With a personality even bigger than his beard, Nate Paulk leaves just about everyone he meets with a big smile and an “I love you.”
Employed by the United Methodist Church two and half years ago to help bring life into a church with a dwindling congregation, he works to connect people of the community to one another and to the space. He’s helping turn the church back to the people who live in the community through programming -- and food.
Nate and Trinity United Methodist partnered with The Nashville Food Project two years ago for a community meal every Tuesday. Rather than serving food from The Nashville Food Project trucks, though, this meal goes on tables family-style giving guests an opportunity to slow down and connect.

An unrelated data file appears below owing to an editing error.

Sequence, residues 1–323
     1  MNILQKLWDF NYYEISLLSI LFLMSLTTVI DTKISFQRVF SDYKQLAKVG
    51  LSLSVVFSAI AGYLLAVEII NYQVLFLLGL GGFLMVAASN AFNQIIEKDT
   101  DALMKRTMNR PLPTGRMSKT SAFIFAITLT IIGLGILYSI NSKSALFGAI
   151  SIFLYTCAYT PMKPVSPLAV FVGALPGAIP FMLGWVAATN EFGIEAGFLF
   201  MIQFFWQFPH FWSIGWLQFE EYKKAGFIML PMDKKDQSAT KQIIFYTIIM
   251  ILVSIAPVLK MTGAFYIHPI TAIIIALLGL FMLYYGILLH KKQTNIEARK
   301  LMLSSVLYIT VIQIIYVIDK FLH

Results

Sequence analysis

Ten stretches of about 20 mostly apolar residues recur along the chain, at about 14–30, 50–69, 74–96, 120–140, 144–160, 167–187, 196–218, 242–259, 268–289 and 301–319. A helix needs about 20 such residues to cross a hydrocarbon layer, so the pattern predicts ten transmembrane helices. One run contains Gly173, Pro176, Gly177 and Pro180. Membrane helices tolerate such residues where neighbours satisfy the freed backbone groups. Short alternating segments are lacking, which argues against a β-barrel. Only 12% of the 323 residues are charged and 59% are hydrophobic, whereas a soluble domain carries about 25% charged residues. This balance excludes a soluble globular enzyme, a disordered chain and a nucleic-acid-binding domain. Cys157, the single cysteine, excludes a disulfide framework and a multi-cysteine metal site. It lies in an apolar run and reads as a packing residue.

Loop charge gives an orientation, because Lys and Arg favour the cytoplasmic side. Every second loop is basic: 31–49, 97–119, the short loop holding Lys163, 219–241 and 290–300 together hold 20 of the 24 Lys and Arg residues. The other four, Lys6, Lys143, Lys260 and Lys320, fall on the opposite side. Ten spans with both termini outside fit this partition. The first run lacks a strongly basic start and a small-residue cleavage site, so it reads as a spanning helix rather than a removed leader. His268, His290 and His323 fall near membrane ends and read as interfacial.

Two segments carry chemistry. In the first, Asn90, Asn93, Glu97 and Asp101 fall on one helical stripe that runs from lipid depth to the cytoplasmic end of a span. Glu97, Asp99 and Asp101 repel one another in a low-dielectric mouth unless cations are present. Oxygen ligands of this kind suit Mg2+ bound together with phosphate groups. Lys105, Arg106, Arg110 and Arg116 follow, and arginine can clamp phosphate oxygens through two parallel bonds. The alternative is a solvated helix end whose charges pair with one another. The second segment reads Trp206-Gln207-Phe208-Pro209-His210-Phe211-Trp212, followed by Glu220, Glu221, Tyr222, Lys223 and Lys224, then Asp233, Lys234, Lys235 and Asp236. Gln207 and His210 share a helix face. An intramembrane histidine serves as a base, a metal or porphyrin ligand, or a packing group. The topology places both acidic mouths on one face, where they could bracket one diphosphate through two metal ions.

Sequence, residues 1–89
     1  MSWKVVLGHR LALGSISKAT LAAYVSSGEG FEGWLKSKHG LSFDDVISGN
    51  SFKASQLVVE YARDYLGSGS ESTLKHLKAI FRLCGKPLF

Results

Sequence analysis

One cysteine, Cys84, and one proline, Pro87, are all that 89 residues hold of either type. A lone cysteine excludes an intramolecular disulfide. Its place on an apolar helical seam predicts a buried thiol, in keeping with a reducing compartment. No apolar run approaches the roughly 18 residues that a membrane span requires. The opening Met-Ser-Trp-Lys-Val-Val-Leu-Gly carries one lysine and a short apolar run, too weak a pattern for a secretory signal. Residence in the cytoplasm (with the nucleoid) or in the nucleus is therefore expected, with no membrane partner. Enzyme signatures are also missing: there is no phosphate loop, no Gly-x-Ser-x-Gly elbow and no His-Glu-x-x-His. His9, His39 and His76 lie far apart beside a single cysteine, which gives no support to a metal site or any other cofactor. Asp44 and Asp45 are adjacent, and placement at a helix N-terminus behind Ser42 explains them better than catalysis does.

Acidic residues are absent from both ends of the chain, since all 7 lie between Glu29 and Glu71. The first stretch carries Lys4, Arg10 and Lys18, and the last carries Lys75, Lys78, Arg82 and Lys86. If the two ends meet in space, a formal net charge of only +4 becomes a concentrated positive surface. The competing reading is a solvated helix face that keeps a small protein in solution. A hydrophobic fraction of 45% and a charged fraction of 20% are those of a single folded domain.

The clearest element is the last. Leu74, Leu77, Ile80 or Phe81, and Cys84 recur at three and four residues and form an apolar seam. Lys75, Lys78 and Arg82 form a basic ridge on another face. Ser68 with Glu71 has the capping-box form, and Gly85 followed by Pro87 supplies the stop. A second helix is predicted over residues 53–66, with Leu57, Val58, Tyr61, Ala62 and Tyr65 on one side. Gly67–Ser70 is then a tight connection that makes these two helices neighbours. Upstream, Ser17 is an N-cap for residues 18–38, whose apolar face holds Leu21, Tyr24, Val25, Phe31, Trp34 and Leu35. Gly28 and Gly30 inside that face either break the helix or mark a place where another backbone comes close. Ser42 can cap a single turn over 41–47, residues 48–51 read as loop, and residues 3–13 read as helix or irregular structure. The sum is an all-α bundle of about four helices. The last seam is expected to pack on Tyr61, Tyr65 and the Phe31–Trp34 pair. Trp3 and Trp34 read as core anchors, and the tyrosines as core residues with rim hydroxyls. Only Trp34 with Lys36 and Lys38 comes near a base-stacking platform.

“There’s so much beauty in the ordinariness of getting together for dinner,” he says.
On a recent Tuesday, TNFP outreach intern Noelle Browne unloaded pans of chicken stir-fry with rice, green salad for our gardens and a berry crisp. Volunteers and community members pitched in to help put food on platters for passing at the table.
The dinner draws anywhere from 30 to 75 people each week. Most attendees are non-church members at Trinity but live nearby in an area that’s considered a food desert. Nate hopes to gather the group with staff from The Nashville Food Project and Community Food Advocates for a special meal on Tuesday, Dec. 15 to discuss ways to improve fresh food access in the area.
“I try to listen to people,” he says.